July 13, 2017 - The article, "2nd Circ. Reins In Judicial Oversight Of DPAs," by John Wood was published in Law360.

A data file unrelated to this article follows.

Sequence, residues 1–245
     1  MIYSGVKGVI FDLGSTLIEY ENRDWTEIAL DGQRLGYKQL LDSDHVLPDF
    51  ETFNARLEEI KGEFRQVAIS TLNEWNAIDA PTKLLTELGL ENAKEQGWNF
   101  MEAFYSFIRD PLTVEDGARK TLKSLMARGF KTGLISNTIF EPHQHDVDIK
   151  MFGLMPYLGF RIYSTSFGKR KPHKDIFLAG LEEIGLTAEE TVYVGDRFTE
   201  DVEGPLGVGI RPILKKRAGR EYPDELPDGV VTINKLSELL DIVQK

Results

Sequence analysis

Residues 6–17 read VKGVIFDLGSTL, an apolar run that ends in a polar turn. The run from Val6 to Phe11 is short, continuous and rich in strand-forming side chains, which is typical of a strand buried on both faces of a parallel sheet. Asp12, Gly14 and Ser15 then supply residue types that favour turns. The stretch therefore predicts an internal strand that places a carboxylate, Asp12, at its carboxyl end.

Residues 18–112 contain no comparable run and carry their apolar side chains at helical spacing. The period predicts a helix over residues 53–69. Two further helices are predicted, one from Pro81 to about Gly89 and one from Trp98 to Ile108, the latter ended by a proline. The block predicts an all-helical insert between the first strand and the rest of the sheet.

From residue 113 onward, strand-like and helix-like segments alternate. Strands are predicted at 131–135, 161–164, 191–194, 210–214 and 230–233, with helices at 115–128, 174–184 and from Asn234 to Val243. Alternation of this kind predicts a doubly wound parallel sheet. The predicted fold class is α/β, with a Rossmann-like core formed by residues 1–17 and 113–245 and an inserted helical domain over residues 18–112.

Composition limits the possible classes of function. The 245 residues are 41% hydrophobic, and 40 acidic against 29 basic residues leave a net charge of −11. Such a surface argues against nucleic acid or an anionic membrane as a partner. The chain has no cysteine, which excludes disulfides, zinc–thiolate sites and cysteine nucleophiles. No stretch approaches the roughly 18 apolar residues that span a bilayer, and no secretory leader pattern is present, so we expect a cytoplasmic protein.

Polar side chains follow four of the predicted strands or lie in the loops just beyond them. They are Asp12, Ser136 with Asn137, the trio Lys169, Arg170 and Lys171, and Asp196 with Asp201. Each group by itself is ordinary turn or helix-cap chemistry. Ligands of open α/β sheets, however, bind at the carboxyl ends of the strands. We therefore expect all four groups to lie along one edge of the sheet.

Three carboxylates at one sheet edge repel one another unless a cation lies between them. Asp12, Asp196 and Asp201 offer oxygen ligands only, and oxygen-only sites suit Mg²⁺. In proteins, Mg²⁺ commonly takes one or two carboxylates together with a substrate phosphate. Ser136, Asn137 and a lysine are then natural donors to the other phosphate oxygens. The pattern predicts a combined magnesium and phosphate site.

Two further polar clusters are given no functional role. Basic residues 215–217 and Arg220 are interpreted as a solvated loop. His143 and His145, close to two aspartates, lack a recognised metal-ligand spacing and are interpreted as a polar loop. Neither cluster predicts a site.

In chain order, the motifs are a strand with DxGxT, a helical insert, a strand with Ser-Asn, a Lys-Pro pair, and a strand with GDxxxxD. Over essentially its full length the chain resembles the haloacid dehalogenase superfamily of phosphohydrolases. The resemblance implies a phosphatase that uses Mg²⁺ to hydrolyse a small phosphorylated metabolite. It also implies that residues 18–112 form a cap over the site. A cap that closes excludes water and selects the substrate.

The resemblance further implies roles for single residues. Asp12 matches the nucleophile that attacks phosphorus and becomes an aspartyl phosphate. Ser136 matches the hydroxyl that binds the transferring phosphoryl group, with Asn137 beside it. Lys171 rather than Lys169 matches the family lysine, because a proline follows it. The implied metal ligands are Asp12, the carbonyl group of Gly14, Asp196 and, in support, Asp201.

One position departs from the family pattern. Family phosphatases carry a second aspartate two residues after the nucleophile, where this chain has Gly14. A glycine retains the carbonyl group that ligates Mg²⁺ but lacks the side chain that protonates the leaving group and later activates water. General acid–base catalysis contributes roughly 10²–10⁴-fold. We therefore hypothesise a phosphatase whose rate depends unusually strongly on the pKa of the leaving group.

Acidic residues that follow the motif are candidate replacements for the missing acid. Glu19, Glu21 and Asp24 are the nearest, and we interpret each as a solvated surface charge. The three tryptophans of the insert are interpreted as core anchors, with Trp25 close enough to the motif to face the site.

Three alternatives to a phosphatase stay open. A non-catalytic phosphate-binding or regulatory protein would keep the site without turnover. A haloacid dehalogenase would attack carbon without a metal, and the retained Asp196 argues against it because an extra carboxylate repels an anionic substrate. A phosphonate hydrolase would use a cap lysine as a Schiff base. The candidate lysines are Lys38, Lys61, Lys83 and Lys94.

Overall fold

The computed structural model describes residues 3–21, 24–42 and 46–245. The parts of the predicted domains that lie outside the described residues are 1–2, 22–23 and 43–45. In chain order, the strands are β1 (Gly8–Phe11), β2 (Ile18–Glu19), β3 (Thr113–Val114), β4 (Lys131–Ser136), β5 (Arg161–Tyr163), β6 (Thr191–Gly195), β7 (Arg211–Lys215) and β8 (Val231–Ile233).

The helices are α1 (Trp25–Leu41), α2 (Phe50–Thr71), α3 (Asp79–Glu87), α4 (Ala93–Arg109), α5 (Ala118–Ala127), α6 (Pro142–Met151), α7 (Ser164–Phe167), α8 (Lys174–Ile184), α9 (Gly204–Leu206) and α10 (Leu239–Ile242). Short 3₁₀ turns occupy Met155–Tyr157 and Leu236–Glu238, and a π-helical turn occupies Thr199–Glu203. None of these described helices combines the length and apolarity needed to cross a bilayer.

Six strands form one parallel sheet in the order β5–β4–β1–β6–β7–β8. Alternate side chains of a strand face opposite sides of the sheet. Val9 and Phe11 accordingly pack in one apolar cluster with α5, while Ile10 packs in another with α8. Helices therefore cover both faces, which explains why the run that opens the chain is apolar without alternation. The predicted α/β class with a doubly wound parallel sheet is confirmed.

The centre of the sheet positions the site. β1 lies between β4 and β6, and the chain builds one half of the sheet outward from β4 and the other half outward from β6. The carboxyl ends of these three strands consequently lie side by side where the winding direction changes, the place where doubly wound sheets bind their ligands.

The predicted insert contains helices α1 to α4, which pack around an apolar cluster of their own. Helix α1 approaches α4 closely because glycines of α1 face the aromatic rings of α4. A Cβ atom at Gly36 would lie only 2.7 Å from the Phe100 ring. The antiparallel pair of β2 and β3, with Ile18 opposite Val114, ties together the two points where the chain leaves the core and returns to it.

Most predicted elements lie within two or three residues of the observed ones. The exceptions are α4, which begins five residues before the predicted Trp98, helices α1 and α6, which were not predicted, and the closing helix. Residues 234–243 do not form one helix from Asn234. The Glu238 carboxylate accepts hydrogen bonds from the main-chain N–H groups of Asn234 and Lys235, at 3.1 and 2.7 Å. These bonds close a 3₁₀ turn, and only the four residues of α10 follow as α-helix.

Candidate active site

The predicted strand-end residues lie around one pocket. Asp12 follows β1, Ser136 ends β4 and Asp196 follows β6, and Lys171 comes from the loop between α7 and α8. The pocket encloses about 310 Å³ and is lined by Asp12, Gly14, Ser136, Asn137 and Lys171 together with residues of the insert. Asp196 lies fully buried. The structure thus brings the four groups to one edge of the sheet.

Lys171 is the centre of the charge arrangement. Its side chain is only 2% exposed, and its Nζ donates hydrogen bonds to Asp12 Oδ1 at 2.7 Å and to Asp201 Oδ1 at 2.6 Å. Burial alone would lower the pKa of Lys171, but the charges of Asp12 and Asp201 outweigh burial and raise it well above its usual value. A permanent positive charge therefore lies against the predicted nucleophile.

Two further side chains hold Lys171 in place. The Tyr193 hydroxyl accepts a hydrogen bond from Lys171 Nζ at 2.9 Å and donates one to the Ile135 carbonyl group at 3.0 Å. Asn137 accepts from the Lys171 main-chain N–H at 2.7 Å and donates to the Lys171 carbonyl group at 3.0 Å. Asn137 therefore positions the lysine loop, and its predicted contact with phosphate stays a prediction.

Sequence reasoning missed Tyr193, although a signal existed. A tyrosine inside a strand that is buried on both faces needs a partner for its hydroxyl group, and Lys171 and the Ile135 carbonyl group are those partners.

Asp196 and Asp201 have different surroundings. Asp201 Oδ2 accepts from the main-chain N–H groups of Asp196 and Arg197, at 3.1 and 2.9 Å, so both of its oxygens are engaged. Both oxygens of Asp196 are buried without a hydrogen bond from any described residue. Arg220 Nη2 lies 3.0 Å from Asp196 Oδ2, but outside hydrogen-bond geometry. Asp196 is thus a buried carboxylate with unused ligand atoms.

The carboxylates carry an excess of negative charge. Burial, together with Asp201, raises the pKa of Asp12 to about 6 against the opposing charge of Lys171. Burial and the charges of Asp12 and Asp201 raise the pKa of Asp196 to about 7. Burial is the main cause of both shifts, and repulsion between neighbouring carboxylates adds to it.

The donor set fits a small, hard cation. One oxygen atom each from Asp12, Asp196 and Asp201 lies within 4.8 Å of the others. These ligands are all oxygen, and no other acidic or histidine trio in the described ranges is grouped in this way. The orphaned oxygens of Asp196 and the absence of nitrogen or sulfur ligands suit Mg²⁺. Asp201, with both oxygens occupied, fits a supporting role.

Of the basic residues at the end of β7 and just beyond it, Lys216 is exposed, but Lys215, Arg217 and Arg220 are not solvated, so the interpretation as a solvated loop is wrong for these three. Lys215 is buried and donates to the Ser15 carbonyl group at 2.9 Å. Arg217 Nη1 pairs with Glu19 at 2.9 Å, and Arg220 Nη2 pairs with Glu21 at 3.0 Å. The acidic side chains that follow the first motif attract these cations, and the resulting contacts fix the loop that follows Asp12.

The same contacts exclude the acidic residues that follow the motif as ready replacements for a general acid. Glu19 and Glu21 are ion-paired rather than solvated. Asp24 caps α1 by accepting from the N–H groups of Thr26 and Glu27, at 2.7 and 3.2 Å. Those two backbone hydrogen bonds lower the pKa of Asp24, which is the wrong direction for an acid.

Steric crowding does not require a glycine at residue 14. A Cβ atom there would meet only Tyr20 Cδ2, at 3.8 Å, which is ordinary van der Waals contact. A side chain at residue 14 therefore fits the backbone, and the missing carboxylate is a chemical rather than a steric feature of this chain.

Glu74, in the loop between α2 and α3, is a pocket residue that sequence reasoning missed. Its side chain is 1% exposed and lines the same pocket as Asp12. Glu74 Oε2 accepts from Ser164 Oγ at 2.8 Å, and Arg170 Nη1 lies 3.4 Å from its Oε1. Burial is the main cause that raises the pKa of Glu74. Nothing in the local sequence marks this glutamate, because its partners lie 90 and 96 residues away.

There is great interest in whether the media and the public will be able to get access to independent corporate monitors’ reports. As I discussed in an article in Law360 in April, the mere possibility of public access to such reports threatens to create a chilling effect on the work of monitors, who rely on the ability to address sensitive and confidential information in their reports. A few recent cases created uncertainty regarding the confidentiality of these reports. On Wednesday, the Second Circuit gave some comfort to those concerned about the possibility of public access to the reports, by holding that monitors’ reports created pursuant to a deferred prosecution agreement are not judicial records and therefore are not subject to a common law or First Amendment right of public access. But the court did even more than that and curtailed judicial oversight of DPAs generally, holding that a district court’s main function is to verify that the DPA was entered into in good faith rather than to circumvent the Speedy Trial Act. While the Second Circuit decision is highly compelling in rejecting the claimed common law and First Amendment rights of access to the reports, the court expressly noted that its opinion did not address claims of access under the Freedom of Information Act. Thus, some uncertainty regarding public access to monitor reports remains, even in the Second Circuit.